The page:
Bavarian Mountain Hound
The Bavarian Mountain Hound is a breed of dog from Germany. It is a scent hound and has been used in Germany since the Middle Ages to trail wounded game. It is a cross between the Bavarian Hound and the Hanover Hound.The Bavarian Mountain Hound's head is strong and elongated. The skull is relatively broad and slightly domed. It has a pronounced stop and a slightly curved nosebridge. The muzzle should be broad with solid jaws, and its lips fully covering mouth. Its nose is black or dark red with wide nostrils. Its ears are high set and medium in length. They are broader at the base and rounded at the tips, hanging heavily against the head. Its body is slightly longer than it is tall and slightly raised at the rump. The neck medium in length, strong, with a slight dewlap. Topline sloping slightly upward from withers to hindquarters. Chest well-developed, long, moderately wide and well let-down with a slight tuck-up. It has a long, fairly straight croup and solid back. While its tail is set on high, medium in length and hanging to the hock, carried level to the ground or hanging down.Bavarian Mountain Hounds weigh between 20 to 25 kg, males are 47 to 52 cm (18.5 - 20.5 in) high, while females are 44 to 48 cm (17-19 in).Bavarian Mountain Hounds are calm, quiet, poised and very attached to their masters and family. When hunting, they are hard, single-minded and persistent. Courageous, spirited, fast and agile, they are at ease on a rugged terrain, with a superb nose and powerful hunting instinct. They need a patient, experienced trainer.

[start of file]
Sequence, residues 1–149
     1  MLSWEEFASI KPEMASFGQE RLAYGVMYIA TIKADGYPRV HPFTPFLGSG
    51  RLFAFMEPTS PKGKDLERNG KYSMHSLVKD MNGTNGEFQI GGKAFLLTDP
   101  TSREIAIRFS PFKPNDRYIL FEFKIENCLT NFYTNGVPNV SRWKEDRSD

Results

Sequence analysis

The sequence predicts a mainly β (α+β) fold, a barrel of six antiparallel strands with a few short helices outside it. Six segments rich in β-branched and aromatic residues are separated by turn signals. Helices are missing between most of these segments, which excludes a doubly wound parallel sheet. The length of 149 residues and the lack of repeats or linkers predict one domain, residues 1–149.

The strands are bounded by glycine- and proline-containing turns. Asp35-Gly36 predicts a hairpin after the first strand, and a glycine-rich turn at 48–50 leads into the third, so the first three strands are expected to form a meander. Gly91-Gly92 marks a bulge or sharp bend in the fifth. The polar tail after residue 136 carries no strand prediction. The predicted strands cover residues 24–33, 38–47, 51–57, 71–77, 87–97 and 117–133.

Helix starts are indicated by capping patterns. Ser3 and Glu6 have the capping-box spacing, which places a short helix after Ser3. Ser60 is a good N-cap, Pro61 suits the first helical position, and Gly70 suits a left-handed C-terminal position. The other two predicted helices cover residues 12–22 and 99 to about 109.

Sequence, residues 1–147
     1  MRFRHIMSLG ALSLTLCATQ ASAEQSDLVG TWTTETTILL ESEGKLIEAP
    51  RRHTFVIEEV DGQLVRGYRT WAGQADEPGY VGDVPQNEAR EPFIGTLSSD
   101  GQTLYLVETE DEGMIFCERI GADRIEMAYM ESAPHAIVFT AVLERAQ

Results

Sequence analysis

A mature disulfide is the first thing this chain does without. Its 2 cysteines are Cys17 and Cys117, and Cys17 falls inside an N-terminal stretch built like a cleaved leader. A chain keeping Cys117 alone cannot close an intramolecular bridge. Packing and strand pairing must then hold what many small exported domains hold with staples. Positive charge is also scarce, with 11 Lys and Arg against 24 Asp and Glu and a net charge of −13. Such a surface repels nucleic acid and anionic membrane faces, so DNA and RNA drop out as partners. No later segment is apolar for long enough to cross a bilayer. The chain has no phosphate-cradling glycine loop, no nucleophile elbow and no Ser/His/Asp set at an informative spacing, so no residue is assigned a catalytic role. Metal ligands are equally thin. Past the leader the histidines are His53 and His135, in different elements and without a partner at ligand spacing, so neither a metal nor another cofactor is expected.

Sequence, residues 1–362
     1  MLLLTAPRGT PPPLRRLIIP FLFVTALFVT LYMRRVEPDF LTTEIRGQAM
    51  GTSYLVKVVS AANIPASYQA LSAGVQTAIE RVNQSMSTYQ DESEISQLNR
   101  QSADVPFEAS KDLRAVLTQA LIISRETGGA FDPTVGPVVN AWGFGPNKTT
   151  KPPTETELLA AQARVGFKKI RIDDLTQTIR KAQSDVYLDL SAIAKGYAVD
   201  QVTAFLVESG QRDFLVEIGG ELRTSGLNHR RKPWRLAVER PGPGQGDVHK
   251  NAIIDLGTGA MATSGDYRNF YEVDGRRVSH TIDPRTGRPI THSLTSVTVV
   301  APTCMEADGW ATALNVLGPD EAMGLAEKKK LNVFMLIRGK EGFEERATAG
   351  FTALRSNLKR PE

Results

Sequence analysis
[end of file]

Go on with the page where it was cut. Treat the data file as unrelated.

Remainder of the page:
Japanese Spitz